HOUSTON -- Just eight months ago, Indians left-hander Scott Kazmir was pitching about 10 miles away in the Houston suburb of Sugar Land throwing for the Sugar Land Skeeters, an independent league team in its inaugural season.
Kazmir is scheduled to be removed from the disabled list on Saturday and will start that evening's game against his hometown Astros. It will be his first appearance in the Major Leagues since pitching one game for the Angels at the beginning of the 2011 season.
Going all the way down to independent ball would be tough to take for some Major Leaguers. Kazmir turned it into a positive.
"It was fun," said Kazmir, who made 14 starts for the Skeeters and went 3-6. "I had a great time. I was lucky that team was over there last year. It was just a good setup, 20 minutes from the house. It was great settling in, to get back in the swing of things."
Kazmir, a regular in the Tampa rotation for five years, never doubted his ability to pitch, despite being released by the Angels in June 2011, after five disastrous starts for Triple-A Salt Lake City.
"I knew what I was capable of," he said. "I knew I just needed some reps. I ended up going to winter ball in Puerto Rico. I had a good winter. The team I played for, Edwin Rodriguez was the manager."
Rodriguez is the manager of the Indians' Double-A team in Akron, opening a door for Kazmir in Cleveland. He signed a free-agent Minor League contract.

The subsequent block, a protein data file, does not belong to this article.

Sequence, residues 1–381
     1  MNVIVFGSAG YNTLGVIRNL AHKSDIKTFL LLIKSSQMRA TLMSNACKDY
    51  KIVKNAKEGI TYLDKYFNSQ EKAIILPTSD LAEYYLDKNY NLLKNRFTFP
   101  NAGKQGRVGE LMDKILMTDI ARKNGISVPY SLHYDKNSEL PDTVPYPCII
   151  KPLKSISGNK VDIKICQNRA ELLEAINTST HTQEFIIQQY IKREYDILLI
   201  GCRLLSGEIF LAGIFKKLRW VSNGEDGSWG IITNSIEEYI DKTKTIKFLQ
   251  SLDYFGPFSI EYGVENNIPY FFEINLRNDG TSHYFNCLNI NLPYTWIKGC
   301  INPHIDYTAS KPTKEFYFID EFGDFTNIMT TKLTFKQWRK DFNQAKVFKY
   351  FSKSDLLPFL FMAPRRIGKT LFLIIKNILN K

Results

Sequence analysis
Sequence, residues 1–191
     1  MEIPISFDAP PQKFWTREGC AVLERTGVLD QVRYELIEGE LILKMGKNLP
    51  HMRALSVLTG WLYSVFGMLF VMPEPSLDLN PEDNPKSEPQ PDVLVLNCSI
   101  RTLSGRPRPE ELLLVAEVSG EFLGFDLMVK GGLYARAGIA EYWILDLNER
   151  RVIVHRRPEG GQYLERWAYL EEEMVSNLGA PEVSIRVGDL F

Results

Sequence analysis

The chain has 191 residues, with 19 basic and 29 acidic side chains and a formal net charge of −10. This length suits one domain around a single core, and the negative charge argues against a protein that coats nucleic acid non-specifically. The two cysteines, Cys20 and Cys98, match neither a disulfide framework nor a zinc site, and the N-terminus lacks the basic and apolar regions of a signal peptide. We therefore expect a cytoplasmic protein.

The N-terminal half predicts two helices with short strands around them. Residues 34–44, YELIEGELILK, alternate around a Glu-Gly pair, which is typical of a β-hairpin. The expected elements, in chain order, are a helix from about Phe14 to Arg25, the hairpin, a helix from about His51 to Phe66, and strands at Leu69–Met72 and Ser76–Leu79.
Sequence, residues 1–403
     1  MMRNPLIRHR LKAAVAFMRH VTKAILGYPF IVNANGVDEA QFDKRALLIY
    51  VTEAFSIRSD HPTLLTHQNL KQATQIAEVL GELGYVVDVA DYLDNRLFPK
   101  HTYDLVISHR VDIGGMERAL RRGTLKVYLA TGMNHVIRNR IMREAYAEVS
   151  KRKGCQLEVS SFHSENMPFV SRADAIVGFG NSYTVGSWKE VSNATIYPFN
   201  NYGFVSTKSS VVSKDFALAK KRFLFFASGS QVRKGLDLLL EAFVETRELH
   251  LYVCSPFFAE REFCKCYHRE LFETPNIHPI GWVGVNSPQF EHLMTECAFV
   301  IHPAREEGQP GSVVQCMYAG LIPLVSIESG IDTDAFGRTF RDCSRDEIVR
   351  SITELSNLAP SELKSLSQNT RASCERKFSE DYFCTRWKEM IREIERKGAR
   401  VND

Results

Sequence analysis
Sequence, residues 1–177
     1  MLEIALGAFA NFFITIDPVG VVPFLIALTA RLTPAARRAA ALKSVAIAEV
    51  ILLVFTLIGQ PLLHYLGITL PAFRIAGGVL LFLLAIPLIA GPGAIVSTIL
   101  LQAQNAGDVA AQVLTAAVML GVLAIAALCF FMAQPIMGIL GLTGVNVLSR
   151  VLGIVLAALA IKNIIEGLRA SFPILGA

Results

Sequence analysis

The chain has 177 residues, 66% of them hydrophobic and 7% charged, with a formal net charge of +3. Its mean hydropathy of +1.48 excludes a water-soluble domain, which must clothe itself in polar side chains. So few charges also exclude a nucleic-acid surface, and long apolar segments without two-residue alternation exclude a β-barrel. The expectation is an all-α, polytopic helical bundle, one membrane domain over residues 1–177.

Kazmir understood there were no guarantees going into Spring Training.
"I had to prove more to myself than anything, being out for so long," he said. "I was able to do that. It seemed like every day my game was starting to come together, starting to click."
Kazmir knew there would be a few nerves attached to making his return to the Majors, particularly with plenty of family and friends scheduled to be in attendance Saturday night.
"Especially to get that first one out of the way," he said. "I'm excited. It's finally coming up. I had a little hiccup along the way, starting the year."
Kazmir was simply playing catching the day before Opening Day, when he felt a pop in his oblique that put him on the disabled list to start the season.
"That was frustrating, to say the least," he said.
"You go out there the first time you want to show out, you want to do real [well]. At the same time, you don't want to overthrow. You want to stay within yourself and get your game. You have to slow back on that adrenaline."
"If anything, that will help him," Tribe manager Terry Francona said of Kazmir not having pitched in the Major Leagues for a while. "He's very excited about it. We just have to get him stretched out [in innings]. He can pitch. He's not going to be nervous."
Gene Duffey is a contributor to MLB.com. This story was not subject to the approval of Major League Baseball or its clubs.